The tax deadline was May 17th this year. Taxpayers who submitted an extension have until October 15 to file and do not face the failure to file penalty if they file their taxes by that deadline. But taxpayers need to remember that an extension to file is not an extension to pay. Any taxes they owed after the May 15 deadline are subject to the failure to pay penalty and interest.
Taxpayers who didn’t request an extension, and still owe taxes, face both the failure to file and the failure to pay penalties. They should file now and pay what they can before larger penalties take effect after July 16th.
The penalty for not filing a federal tax return by the due date, or extended due date, is generally 5% of the unpaid tax for each month or part of a month that a tax return is late, up to 25% of the unpaid tax. However, if the return is more than 60 days late, a minimum penalty applies. If no return has been filed after 60 days, the minimum penalty that can be charged is $435 or 100% of the unpaid tax, whichever is less. This year, that important 60-day date occurs after July 16th. In addition to penalties, interest will also be charged on any tax not paid by the May 17th due date.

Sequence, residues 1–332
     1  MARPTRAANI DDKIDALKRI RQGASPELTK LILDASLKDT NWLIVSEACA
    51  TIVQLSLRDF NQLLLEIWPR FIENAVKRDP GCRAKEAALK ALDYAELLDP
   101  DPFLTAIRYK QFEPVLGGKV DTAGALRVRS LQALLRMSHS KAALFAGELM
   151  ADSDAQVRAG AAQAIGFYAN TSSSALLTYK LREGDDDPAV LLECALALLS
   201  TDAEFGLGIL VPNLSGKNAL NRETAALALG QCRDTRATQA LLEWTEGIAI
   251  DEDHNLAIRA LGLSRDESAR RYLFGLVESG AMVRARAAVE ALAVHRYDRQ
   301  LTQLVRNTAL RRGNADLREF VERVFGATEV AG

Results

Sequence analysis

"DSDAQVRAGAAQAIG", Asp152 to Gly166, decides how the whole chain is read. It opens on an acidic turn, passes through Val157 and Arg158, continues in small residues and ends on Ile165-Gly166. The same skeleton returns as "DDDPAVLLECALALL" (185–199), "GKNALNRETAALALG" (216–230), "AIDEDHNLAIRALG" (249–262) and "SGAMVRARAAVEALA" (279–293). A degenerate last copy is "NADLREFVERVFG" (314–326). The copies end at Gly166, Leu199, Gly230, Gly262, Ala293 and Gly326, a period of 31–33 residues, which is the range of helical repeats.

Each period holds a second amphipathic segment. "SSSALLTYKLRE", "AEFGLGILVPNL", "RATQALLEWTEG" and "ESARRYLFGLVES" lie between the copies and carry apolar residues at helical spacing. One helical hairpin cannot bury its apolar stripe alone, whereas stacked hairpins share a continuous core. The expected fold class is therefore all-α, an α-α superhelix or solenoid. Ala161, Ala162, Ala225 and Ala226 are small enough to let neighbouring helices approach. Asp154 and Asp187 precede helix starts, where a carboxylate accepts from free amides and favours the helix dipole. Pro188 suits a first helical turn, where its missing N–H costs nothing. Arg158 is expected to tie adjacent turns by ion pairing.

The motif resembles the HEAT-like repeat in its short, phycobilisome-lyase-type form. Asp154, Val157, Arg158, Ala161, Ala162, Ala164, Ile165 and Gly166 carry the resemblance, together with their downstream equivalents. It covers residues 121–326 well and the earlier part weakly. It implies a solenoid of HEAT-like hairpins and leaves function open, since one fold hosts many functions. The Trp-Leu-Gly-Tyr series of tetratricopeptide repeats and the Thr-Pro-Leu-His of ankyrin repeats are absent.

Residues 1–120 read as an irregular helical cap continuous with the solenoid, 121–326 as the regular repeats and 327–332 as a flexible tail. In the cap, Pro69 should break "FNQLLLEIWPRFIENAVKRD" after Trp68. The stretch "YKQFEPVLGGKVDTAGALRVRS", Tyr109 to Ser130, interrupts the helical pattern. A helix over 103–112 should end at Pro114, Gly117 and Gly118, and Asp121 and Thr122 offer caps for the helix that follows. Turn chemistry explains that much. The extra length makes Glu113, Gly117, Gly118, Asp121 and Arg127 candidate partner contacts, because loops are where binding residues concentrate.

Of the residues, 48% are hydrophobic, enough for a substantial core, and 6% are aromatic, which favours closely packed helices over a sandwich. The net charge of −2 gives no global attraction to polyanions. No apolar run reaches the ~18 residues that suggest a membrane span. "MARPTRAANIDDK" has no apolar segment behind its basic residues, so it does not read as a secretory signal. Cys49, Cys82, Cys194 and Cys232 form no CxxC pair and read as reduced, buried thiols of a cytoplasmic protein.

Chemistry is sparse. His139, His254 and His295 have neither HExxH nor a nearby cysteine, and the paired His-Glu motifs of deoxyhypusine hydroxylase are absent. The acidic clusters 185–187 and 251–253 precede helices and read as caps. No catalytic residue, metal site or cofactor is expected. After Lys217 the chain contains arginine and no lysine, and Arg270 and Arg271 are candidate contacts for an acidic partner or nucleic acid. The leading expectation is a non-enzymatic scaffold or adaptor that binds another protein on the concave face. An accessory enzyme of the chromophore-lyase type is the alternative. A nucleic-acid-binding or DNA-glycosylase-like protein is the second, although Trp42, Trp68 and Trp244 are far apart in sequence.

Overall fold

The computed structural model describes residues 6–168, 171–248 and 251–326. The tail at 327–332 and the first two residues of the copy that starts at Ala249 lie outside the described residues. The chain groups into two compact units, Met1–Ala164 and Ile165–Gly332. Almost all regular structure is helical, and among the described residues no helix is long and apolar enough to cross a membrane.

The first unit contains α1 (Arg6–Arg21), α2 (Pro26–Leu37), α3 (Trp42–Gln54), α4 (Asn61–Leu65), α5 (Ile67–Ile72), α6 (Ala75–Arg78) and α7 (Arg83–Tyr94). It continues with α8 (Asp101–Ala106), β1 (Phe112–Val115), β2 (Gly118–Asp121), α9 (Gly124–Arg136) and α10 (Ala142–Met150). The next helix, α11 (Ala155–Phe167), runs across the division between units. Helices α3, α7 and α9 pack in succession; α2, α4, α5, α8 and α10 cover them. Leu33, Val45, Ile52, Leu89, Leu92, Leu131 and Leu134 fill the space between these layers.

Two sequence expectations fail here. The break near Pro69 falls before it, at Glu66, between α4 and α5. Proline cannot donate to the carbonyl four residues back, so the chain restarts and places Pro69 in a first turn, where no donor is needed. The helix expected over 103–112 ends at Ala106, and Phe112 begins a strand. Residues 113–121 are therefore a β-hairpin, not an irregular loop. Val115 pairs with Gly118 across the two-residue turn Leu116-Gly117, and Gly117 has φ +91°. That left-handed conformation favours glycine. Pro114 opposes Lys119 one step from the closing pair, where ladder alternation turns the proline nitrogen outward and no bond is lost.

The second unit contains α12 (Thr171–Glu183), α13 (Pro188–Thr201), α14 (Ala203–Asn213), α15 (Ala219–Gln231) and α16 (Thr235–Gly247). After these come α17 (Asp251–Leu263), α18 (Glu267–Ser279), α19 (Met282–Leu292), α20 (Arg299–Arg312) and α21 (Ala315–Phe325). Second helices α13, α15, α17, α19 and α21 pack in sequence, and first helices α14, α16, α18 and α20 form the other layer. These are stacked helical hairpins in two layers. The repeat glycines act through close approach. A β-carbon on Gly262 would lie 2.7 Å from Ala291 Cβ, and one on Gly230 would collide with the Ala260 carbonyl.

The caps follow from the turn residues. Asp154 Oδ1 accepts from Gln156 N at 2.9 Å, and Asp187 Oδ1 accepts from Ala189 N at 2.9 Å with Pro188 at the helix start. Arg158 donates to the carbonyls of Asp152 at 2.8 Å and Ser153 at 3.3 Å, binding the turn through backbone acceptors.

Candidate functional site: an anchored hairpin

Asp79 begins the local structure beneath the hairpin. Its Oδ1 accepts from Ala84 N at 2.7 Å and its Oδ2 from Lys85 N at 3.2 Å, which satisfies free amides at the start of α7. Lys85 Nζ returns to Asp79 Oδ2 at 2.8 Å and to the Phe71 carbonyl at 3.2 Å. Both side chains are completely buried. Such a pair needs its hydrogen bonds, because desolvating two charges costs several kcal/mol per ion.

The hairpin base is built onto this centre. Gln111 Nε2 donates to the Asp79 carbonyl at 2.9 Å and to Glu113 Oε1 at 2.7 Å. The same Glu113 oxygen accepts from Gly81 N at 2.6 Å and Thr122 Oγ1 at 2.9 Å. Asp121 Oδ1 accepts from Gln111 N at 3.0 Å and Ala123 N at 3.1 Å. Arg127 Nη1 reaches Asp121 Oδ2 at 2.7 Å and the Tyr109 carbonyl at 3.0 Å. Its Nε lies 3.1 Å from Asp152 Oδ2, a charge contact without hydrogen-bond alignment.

There are options for taxpayers who owe but can’t pay the full amount. Qualified taxpayers can choose to pay any taxes over time through a payment plan, including an installment agreement that can be set up in a matter of minutes on IRS.gov. (Short term is less than 180 days and long term for 7 months or more)
Remember, if a refund is due, no penalty is charged on the late return filed by a taxpayer.
If you have a three year history of filing/paying on time, (2017,2018,2019) You can qualify for the First Time penalty abatement. You would need to file IRS Form 843. You can abate the penalty but NOT the interest.